Recently my boyfriend and I celebrated our 5 year anniversary awkward-style: by going to a B&B.
For those of you not in the know, B&B's stand for Bed and Breakfast, and are the perfect culmination of everything you could find terrifying about going on a vacation. That, instead of going to a nice, private, secluded hotel where no one bothers you unless you ask them to, you go to stay with one of your relatives. A relative so distant that you don't know them at all, and you pad around their house and sleep in one of their beds and have them wait on you and serve you breakfast. Any small talk you manage to make is extremely forced, and you can't help but notice that each night they are sleeping under the same roof as you. Shoes must be worn at all times, especially when venturing out of your room (terrifying) in the middle of the night to get a glass of water or (horrors!) use the bathroom. Yes, you are paying to feel uncomfortable in someone else's home.
I've managed to survive many years of B&B's with just this simple mantra: Bring on the awkward. My parents introduced my brother and I to B&B's by throwing us headfirst into a series of them while we were vacationing in Scotland. I was 19, my brother was 22. We were completely foreign to the concept of inviting ourselves over to another family's house and forcing them to make room for us. In Scotland we experienced the full range - from a big B&B complete with unlimited, hotel-esque breakfast ... to the one place you could stay on a tiny island where "my mother's ancestors came from" and based on the icy welcome we received, my brother and I stayed up the whole night waiting to be stabbed. Luckily all the B&B's in between (we were there for a while and my parents liked to jump to a new place every night) were amazing, and the Scots proved to be incredibly warm, generous hosts.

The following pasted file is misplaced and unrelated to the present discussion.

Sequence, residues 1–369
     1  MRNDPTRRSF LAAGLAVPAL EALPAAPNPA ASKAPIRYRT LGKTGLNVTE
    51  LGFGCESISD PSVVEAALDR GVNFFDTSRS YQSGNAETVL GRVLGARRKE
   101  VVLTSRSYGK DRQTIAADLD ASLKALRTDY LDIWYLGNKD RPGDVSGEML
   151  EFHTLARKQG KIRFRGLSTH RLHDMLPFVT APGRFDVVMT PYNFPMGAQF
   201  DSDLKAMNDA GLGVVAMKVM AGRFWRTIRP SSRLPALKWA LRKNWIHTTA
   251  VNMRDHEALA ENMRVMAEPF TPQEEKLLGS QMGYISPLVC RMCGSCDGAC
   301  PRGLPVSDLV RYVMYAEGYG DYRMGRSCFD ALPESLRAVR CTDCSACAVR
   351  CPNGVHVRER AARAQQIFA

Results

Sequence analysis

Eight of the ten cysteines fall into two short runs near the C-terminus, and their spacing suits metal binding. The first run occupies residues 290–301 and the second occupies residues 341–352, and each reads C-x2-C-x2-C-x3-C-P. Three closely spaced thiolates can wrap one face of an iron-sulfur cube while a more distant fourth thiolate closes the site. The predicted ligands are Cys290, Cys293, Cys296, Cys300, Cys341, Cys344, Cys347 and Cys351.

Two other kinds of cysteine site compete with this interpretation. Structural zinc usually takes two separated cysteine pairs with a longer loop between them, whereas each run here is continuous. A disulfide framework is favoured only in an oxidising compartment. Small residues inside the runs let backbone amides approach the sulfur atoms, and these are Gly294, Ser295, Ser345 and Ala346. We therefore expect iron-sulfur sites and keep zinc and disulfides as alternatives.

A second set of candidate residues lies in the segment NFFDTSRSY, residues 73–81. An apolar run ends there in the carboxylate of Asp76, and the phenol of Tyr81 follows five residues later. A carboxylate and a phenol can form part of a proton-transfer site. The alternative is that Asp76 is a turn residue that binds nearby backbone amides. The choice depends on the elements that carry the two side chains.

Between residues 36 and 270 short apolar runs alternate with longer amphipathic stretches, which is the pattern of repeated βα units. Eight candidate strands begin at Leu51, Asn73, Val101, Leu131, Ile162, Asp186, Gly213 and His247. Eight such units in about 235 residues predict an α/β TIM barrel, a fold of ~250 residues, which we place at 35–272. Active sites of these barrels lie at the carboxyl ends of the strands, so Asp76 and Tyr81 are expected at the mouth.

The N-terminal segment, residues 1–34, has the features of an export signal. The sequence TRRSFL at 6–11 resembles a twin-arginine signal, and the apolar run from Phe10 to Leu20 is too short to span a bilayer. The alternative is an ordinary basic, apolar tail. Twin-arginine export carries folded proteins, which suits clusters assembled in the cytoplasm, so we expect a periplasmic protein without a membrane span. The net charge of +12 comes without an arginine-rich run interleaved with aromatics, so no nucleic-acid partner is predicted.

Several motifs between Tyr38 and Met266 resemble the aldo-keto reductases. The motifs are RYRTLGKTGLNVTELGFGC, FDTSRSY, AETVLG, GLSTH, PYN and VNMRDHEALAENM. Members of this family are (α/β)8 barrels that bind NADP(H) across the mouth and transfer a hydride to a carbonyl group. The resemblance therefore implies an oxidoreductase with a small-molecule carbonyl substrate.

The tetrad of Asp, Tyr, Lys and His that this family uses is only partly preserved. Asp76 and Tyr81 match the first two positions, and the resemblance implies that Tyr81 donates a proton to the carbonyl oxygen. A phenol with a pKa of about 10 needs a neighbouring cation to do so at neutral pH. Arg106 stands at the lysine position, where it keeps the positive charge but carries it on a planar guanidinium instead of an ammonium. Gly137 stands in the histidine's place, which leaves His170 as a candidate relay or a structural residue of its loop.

But I digress. Here's why I've come to love B&B's:
- It's just fun to get away. Yes, even if sometimes it's weird sneaking around someone else's house, it's fun to be a part of that house's history for a blip in time. Most B&B's I prefer are older and creekier, which adds to the fun.
- I like thinking of them as haunted, as long as they're not actually being haunted. If there are more than a specific number of dolls around (i.e. one) you should probably rethink your stay. Just saying. Wood carved cherubs are okay though.
- Some of them are suprisingly gorgeous, and worth any amount of time you feel obligated to hang out in the hallway and make small talk with your host. We once stayed at the 1890 Caroline House in Fredericksburg, VA and got our own private suite - complete with a HUGE tub, a fireplace spanning two rooms, and a comfy sitting room. Although, I have to admit, my favorite part was each morning when the hostess brought out a series of elaborate, lovely meals full of food my boyfriend didn't eat. Every time she left the room he'd hiss "TAKE THESE STRAWBERRIES!!", all panicky. Good times.
- Embracing the local history of the place you're in, even if it's just up the road, is part of the point. And you get to be as cheesy exploring that place as you want - strap on the fanny pack, attach a cell phone to your belt.
- Chatting with other couples/not making new friends. Remember when you're B&B'ing it, you have permission to not be yourself, and to say things you'd never normally say. "This crepe is divine!" "I can honestly say I love this wicker!" "Where did you find that statue of a boy peeing?" And by all means, be pleasant with the locals/hosts/other guests. Just ... y'know, remember when you get back home you might realize you really don't like talking about golf, and that was the one thing you had in common with that couple.
If I had to stress out about whether or not I'd feel comfortable at a particular B&B or naturally click with the host/ess, I'd never go! And I would've missed out on waking up one fine autumn morning, in the attic bedroom of a large old house, heading downstairs expecting breakfast and encountering instead ... PILES OF DOLLS.